The American Academy of Pediatrics is unequivocal: If your kid is under 2, no screens. For older kids, two hours a day, max. But the AAP doesn’t differentiate between activities; education apps, base-jumping videos, first-person shooters, ebooks, Sesame Street, and The Shining are all thrown into the same bucket. It’s all just screen time.
Trouble is, they’re not all the same. An app that teaches your kid his ABCs isn’t the same as a television cartoon, but the AAP is probably right to be conservative with its advice. “Researchers know almost nothing about the impact of touchscreen technology on young children,” says Heather Kirkorian, an assistant professor of human development and family studies at the University of Wisconsin-Madison who is trying to find some answers. “Our society is running a large-scale experiment with real children in the real world, and we won’t know the impact, if any, for many years to come.”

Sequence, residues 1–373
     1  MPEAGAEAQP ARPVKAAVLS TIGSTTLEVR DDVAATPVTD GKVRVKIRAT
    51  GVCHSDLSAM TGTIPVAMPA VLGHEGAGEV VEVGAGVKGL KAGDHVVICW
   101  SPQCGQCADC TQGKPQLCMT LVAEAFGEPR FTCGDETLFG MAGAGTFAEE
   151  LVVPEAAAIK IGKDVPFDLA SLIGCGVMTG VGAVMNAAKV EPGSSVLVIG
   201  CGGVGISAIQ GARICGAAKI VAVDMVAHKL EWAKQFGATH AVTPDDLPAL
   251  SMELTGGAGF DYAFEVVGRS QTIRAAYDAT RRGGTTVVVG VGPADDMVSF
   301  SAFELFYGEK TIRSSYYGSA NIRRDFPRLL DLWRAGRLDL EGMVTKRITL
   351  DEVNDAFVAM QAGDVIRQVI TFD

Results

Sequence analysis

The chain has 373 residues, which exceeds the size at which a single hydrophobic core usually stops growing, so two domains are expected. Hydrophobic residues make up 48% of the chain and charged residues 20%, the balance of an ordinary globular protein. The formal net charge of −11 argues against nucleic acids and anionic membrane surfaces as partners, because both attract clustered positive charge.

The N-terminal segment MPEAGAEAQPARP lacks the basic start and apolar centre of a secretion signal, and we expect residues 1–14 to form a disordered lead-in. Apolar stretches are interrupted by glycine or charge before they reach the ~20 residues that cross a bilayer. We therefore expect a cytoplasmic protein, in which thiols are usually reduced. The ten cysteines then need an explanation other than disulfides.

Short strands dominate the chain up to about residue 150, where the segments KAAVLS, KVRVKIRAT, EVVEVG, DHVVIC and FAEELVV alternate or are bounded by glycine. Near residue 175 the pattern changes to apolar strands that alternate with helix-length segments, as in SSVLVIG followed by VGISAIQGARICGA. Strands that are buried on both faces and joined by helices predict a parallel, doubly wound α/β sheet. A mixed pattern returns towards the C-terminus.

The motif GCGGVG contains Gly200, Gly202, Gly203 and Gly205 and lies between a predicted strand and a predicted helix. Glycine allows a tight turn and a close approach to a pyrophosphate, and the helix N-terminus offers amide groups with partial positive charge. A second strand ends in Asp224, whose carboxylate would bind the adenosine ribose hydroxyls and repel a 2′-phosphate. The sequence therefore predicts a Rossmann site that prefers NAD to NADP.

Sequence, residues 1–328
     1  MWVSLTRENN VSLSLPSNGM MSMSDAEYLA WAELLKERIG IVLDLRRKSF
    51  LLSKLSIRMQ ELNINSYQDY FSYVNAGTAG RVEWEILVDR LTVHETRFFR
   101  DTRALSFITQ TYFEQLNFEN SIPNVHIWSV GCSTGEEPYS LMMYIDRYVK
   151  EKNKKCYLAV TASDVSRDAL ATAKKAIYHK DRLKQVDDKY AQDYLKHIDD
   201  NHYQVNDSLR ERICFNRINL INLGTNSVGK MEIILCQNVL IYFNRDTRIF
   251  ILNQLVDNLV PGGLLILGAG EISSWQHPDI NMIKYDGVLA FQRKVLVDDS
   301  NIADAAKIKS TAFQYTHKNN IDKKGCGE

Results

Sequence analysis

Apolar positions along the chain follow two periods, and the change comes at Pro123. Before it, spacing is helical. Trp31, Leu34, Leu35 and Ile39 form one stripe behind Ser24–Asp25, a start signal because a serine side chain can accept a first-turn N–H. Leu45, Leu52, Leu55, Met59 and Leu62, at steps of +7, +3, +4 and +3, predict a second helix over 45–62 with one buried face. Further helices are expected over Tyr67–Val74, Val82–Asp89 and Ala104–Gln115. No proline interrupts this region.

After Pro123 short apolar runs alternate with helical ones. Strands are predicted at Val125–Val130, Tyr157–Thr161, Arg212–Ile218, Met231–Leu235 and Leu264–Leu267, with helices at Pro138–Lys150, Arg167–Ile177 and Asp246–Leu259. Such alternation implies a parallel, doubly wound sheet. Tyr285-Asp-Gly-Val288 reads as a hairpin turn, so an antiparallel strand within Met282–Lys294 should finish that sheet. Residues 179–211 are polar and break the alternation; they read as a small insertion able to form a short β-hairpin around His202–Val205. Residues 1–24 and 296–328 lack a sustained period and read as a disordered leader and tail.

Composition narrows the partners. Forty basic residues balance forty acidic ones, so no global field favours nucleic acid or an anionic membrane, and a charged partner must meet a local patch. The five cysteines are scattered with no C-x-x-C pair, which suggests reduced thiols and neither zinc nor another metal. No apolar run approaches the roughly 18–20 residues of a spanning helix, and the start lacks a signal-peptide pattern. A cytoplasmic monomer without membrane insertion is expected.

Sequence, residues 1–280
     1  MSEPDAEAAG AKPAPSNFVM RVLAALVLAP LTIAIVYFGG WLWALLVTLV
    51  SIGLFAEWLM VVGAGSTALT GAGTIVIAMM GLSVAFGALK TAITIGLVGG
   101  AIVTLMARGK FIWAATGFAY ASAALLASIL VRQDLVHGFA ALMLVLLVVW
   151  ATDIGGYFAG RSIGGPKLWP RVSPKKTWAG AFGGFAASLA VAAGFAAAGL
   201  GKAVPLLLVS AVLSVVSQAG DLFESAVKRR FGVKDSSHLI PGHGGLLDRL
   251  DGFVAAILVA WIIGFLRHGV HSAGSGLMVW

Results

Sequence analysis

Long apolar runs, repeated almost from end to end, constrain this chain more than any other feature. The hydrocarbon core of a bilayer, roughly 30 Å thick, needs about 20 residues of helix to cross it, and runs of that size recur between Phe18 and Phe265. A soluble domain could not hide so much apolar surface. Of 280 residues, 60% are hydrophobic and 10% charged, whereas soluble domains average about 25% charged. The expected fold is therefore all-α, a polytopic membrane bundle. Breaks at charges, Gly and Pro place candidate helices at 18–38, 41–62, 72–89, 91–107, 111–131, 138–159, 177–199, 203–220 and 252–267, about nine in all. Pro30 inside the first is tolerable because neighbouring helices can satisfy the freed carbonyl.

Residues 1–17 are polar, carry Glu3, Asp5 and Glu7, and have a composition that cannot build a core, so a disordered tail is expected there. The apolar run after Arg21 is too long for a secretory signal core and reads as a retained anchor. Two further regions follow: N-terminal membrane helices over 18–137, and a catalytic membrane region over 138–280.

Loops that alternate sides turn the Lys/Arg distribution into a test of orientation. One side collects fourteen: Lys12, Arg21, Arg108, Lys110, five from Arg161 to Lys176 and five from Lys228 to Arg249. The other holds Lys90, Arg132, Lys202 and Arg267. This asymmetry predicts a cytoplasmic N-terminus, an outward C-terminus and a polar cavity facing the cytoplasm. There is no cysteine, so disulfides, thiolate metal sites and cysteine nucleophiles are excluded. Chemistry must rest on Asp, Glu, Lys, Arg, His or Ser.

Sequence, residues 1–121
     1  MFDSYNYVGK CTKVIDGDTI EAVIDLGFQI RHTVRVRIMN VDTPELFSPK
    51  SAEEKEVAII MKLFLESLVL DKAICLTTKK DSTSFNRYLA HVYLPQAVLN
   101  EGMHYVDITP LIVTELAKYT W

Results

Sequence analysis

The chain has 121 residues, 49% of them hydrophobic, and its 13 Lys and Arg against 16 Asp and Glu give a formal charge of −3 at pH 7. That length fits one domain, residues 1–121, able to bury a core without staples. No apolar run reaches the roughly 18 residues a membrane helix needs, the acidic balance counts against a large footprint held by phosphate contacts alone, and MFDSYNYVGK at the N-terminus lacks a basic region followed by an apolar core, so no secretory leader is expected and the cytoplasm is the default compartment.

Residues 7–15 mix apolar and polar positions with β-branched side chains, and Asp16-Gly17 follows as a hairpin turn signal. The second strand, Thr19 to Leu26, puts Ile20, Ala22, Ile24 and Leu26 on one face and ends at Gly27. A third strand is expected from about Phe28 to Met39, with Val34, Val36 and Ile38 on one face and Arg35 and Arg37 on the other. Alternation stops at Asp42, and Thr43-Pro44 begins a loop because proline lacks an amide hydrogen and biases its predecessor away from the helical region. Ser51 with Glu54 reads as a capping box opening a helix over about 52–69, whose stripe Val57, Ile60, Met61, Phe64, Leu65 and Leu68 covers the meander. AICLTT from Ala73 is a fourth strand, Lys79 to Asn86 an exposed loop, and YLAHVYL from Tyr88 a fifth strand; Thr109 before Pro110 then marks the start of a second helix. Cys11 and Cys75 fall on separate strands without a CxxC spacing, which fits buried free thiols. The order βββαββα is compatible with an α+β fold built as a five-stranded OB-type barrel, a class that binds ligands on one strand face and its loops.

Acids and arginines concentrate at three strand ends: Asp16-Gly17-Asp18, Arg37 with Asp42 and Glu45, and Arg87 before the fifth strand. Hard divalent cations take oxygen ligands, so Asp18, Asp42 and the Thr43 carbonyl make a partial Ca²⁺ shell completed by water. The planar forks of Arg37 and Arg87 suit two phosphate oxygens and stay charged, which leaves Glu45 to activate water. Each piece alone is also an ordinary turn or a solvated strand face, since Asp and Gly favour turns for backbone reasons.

Comforting! All the more so because keeping kids away from touchscreens these days is harder than keeping them away from candy. The screens have become one of our cultural platforms—the modern agora where we get our music, movies, books, social interactions, games, and even education.